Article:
Director, La Salette Shrine
|The angel visits Joseph|
In the famous balcony scene of Romeo and Juliet, Juliet asks, “What’s in a name?” It is true enough that the name is not the same as the reality. And yet some names do matter.
There are many names in today’s readings: Ahaz, Isaiah, Paul, Mary, Joseph. Two others really stand out: Emmanuel, and Jesus.
About the name Jesus, St. Peter says in chapter 4 of Acts: “There is no salvation through anyone else, nor is there any other name under heaven given to the human race by which we are to be saved.” Jesus means God Saves, or God is salvation. This is why the angel tells Joseph, “You are to name him Jesus, because he will save his people from their sins.”
Then, of course, there is the magnificent prophetic name Emmanuel: God with us.
Another name for Jesus also appears in today’s Gospel: Christ, which means Anointed, which translates the Hebrew title Messiah. Whenever we say Jesus Christ, we could equally say Jesus Messiah.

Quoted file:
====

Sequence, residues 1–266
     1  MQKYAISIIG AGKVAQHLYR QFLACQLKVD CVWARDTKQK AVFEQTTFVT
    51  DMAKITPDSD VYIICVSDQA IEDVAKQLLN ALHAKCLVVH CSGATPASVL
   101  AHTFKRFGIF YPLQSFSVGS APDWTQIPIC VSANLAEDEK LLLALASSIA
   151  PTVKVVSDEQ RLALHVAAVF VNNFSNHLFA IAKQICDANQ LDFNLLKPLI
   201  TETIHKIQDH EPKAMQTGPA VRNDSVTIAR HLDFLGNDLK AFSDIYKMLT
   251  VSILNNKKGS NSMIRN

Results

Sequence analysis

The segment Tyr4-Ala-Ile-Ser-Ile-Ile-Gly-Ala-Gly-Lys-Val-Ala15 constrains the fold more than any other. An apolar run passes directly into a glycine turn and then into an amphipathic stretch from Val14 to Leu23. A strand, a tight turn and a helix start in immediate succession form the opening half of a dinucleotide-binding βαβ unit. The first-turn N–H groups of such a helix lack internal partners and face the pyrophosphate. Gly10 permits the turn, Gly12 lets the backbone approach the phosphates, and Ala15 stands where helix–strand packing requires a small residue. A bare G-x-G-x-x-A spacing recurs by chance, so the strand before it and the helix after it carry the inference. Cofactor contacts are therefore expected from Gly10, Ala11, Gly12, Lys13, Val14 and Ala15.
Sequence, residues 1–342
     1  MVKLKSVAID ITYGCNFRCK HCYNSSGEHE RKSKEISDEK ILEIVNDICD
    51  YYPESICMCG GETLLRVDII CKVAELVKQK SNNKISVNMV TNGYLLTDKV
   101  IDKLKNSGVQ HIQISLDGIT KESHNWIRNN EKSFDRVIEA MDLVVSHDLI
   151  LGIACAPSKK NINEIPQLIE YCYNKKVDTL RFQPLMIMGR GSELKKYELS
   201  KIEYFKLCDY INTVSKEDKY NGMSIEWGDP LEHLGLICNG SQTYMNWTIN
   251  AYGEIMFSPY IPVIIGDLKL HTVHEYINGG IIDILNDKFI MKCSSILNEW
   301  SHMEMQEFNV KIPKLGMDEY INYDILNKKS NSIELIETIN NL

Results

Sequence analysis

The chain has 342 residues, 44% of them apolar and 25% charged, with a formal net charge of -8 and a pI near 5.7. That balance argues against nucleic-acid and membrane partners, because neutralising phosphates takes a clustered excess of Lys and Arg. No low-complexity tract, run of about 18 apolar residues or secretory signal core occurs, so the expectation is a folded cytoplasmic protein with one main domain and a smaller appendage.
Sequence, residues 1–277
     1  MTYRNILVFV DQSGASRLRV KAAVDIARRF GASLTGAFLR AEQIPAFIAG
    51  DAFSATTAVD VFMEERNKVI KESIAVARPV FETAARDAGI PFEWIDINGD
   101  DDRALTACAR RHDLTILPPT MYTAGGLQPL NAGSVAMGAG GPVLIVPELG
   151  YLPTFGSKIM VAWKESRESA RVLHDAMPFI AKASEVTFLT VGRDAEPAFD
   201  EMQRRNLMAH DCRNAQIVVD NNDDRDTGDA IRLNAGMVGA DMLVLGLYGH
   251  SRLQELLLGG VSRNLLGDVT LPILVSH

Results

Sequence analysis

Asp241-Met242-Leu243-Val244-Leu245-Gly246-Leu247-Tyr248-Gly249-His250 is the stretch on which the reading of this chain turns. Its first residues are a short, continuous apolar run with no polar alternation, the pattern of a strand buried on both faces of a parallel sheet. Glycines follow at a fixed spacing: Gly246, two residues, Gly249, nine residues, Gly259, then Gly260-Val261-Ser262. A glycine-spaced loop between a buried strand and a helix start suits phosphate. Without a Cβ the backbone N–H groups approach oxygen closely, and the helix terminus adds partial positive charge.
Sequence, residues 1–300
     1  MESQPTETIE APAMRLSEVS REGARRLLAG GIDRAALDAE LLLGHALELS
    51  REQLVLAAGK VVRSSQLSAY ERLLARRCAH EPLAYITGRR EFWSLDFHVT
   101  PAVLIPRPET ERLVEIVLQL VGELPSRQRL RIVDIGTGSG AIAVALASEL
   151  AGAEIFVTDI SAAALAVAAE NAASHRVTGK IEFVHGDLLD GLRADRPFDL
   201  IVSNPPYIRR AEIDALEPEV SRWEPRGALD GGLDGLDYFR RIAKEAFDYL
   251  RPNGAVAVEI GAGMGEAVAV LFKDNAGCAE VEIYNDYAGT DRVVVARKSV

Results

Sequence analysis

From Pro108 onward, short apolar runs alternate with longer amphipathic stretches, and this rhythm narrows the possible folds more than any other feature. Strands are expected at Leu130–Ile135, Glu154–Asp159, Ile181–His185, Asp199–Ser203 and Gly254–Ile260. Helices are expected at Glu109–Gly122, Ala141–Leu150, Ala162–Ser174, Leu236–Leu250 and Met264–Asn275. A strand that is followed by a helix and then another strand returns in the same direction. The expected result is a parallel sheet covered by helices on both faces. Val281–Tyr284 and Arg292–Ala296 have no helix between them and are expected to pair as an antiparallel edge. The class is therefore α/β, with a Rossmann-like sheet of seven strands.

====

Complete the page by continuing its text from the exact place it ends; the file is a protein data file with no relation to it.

One other name appears in all three readings today, but only in passing, not as a character. That is David. Ahaz is addressed as “House of David,” that is as king, a member of David’s royal family. Joseph is called “Son of David” by the angel. And Paul writes that Jesus is “descended from David according to the flesh.” All this reminds us that Jesus is truly human, with real human ancestors. David is one of the great sinners of the Old Testament. He is also one of the great saints.
David means “beloved,” but that is not really the point here. What matters more is his story, his place in the history of salvation, and his love of God, expressed especially in the psalms. He was anointed king, which means he also bore the title “Messiah.”
We are all “anointed.” We were anointed twice at our baptism, and again at our confirmation. In a real sense we are all called to fulfill prophecy, even not knowing what or how, just by being faithful to our vocation “to be holy” in the “obedience of faith,” to use Paul’s words.
Unlike Ahaz, we are not told to ask for a sign; but each of us is called to be a unique sign of God’s presence among us, each of us is called to be Emmanuel.